Great Man Theory is born from a human desire to have heroes to root for and villains to hate. As the traditional understanding of history saw it as a means of cultural myth-making first and a means of informing decision making second, this meant that traditional historical narratives have focused more on prominent individuals rather than the societies and institutions which shaped and created them: thus, we learn that Wellington beat Napoleon at Waterloo, that Qin Shi Huang united China, that Hitler perpetrated the Holocaust. Of the millions of individuals who taught these larger-than-life figures, assisted them in their ambitions, and did the dirty work of carrying out their crimes, the traditional understanding of history cares very little: they are characters in the story, but not the protagonists, so to speak. By minimising the all-important context that surrounded them and shaped them, Great Man theory gives the impression that history itself was shaped by a very small number of remarkable individuals.

This ties into the second form, the idea that history should be a story of a given culture or nation’s past, told in a way which holds up the nation and the “Great Men” who are seen as having been instrumental in its development as worthy of respect, if not reverence. In addition, this tendency further narrows down exactly who the protagonists of a given historical narrative can be: only those who stand out as champions of the nation can be given pride of place. Those who serve as useful heroes for the story of a nation or society are elevated. Those who do not fit in on how a nation wishes to see itself are ignored, or intentionally erased. American textbooks do not like talking about the Tulsa Massacre or the Freedmen who joined the British in the War of 1812, just as British Textbooks do not like talking about the Bengal Famine, just as Japanese textbooks do not like talking about the Rape of Nanjing or the Bombings of Chongqing or the Manilla Massacre.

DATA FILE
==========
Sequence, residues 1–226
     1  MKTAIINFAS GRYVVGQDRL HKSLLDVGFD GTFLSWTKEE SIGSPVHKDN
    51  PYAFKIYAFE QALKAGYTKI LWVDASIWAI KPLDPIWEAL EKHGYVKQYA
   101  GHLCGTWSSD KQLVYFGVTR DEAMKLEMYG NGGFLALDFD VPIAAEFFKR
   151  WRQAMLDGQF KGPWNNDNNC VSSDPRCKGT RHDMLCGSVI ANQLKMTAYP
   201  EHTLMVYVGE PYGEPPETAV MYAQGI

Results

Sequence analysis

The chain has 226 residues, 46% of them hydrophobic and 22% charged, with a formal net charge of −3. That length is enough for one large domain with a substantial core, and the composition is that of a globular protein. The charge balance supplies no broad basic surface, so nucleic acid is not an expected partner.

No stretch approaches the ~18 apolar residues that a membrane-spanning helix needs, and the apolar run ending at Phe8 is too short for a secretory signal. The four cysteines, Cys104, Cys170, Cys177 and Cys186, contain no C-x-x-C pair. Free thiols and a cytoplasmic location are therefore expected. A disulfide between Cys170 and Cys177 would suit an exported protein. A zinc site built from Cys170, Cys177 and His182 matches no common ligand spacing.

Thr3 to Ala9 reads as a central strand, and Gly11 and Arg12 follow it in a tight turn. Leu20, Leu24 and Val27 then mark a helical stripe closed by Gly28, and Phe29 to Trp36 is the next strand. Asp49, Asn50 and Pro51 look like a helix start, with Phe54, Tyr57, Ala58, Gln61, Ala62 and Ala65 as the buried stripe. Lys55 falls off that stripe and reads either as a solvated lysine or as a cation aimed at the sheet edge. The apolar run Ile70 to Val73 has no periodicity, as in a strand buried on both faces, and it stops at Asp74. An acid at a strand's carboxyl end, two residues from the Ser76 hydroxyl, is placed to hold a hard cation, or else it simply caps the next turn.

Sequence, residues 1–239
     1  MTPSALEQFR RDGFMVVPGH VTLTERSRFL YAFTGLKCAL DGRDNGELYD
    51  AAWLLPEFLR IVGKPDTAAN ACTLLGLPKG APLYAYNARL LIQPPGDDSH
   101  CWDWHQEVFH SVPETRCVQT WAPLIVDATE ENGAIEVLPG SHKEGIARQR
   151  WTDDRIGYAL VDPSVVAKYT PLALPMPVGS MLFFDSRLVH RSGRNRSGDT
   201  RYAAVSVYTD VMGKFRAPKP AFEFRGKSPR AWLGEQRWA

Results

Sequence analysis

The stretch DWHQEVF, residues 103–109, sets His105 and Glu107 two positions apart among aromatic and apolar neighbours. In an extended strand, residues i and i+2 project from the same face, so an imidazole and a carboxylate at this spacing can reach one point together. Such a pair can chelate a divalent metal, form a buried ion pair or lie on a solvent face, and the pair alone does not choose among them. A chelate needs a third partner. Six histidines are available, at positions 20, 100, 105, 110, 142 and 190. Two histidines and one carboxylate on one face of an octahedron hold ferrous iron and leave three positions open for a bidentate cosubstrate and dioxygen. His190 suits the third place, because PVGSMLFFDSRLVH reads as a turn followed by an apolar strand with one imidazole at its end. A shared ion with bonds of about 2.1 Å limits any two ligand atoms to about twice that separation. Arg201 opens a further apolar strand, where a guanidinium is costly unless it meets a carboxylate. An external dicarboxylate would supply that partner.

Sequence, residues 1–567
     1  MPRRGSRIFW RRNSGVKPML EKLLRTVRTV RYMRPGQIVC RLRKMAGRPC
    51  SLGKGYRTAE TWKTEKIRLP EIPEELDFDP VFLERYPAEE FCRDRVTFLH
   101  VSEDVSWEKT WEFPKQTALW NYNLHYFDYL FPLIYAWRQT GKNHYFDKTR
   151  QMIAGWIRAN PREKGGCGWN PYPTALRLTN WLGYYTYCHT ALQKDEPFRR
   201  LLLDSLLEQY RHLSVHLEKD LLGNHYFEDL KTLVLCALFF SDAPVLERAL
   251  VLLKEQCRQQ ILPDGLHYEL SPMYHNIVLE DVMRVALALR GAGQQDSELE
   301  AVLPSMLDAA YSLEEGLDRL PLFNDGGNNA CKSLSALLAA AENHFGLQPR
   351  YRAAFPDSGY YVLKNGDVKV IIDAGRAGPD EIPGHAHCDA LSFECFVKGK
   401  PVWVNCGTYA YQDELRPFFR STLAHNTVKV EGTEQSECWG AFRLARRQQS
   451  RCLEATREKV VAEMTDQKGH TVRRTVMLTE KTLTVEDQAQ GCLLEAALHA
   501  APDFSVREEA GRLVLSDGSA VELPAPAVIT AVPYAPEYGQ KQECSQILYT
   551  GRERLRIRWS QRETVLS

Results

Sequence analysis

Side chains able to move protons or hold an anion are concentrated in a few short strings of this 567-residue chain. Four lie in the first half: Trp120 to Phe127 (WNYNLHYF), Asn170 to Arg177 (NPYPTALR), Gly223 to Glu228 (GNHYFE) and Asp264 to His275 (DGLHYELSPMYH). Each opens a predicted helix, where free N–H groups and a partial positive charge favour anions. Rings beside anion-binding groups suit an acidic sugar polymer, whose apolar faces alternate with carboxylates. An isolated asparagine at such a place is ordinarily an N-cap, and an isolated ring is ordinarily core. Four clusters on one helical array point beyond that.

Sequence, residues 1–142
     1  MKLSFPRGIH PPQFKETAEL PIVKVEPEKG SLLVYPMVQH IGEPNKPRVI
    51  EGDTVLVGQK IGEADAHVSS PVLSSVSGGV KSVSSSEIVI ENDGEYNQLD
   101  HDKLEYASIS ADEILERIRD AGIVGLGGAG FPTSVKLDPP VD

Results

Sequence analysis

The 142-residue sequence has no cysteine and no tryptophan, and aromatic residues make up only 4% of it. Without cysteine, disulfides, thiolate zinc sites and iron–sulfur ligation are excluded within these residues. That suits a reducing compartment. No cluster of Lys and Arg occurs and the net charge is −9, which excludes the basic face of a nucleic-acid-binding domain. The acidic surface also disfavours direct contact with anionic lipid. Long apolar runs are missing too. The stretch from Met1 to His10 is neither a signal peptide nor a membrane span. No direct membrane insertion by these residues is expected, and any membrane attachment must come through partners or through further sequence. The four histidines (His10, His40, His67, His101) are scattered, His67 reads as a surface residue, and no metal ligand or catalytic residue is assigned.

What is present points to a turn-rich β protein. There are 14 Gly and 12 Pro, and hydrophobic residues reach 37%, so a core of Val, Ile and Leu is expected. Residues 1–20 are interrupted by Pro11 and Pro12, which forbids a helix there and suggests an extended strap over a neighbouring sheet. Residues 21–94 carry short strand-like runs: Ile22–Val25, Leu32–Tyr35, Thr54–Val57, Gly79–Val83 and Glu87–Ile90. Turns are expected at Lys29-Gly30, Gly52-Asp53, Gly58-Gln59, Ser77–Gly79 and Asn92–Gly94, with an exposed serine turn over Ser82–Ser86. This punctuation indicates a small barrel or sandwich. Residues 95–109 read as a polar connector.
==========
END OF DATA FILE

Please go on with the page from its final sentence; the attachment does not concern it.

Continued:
What this means is that the “history” that results from these still-entrenched tendencies tend to be heavily biased, and either consciously or unconsciously designed to glorify or justify the roles of those who are considered to fit the self-perceived narrative of a dominant cultural group in any given society. They may well be true, in the sense that they recount things that actually happened. However, the way which they erase some aspects of history and edify others means that the picture they paint will necessarily lack the necessary context to provide a full picture. Thus, even those creators who’ve “done their research” can still be working from a false, or distorted foundation.

I’ve talked a lot so far about how important it is to get a good understanding of the history you mean to use, and how even well-intentioned attempts to get the history right can lead a creator astray thanks to the biases inherent in the teaching of history. In the second part of this topic, I’ll finally be talking about some ways to avoid those pitfalls.